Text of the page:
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    What is the Difference between AS and AAS Degrees?

    By Zach Skillings

    Zach Skillings is the Scholarships360 Newsletter Editor. He specializes in college admissions and strives to answer important questions about higher education. When he’s not contributing to Scholarships360, Zach writes about travel, music, film, and culture. His work has been published in Our State Magazine, Ladygunn Magazine, The Nocturnal Times, and The Lexington Dispatch. Zach graduated from Elon University with a degree in Cinema and Television Arts.

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    Reviewed by Annie Trout

    Annie has spent the past 18+ years educating students about college admissions opportunities and coaching them through building a financial aid package. She has worked in college access and college admissions for the Tennessee Higher Education Commission/Tennessee Student Assistance Corporation, Middle Tennessee State University, and Austin Peay State University.

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    Edited by Maria Geiger

    Maria Geiger is Director of Content at Scholarships360. She is a former online educational technology instructor and adjunct writing instructor. In addition to education reform, Maria’s interests include viewpoint diversity, blended/flipped learning, digital communication, and integrating media/web tools into the curriculum to better facilitate student engagement. Maria earned both a B.A. and an M.A. in English Literature from Monmouth University, an M. Ed. in Education from Monmouth University, and a Virtual Online Teaching Certificate (VOLT) from the University of Pennsylvania.

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    Updated: February 1st, 2024
    What is the Difference between AS and AAS Degrees?

    If you’re thinking about earning an associate degree, you may already know that you have a few different options. The Associate of Applied Science (AAS) and Associate of Science (AS) degrees are both great options for students interested in a career related to science, technology, engineering, or math. However, there are some differences between these two programs to consider when choosing between AS and AAS degrees. 

    AS vs AAS: What’s the difference? 

    The Associate of Science (AS) and Associate of Applied Science (AAS) degrees are similar in a lot of ways. They are both two-year undergraduate degrees oriented around math, science, or technology. They’re also both great degrees for students who want to obtain the education they need to quickly launch their careers.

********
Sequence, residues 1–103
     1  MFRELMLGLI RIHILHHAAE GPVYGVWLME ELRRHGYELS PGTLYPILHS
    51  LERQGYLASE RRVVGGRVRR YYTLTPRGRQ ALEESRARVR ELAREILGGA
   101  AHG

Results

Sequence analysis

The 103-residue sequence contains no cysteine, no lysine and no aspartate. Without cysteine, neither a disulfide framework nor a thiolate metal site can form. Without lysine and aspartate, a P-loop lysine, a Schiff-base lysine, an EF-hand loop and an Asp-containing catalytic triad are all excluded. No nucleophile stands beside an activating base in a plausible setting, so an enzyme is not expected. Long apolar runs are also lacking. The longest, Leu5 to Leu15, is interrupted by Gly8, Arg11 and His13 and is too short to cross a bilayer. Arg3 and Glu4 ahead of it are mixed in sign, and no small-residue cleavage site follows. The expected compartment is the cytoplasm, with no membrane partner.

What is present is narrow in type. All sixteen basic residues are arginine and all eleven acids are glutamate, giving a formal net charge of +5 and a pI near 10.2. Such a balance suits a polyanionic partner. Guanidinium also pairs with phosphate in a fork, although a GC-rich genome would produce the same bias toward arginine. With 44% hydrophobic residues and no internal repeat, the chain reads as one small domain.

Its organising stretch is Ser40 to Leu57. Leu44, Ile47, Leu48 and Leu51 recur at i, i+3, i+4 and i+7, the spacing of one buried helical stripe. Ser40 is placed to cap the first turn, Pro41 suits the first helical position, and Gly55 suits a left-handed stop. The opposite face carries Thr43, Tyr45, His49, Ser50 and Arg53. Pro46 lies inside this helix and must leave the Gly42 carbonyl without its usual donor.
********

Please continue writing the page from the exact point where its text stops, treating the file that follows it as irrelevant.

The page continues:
However, there’s one key difference between AS and AAS degrees. AS degrees are better-suited for students who want to continue their education and earn a bachelor’s degree, while AAS degrees prepare students to immediately enter the workforce after graduation. Keep reading to learn more about each type of degree and which one might be better for you. 

    What is an AS degree?

    • They are typically considered “transfer degrees” because they provide an academic foundation for students to transfer to a four-year school and earn their bachelor’s
    • Students in AS degree programs take general education requirements such as English, math, and science courses
    • Generally AS degrees take 2 years to complete and are commonly offered at community colleges 

    These credits usually transfer to another institution upon completion of the program. To make the transfer process easier, many community colleges have agreements with four-year schools. This allows students with an AS degree to transfer seamlessly without losing credits. 

    There are many jobs you can get with an AS degree that do not require further education. The advantage of earning an AS degree is that you can work in your field for a while and then return to school and earn a bachelor’s degree down the road to advance your career. 

    Below are some common AS degree programs:

    • Business administration
    • Paralegal studies 
    • Criminal justice 
    • Human services
    • Accounting

    Related: Complete guide to undergraduate degrees

    What is an AAS degree?

    • AAS degrees prepare students to enter a career directly after graduation
    • Courses are oriented around skills-based training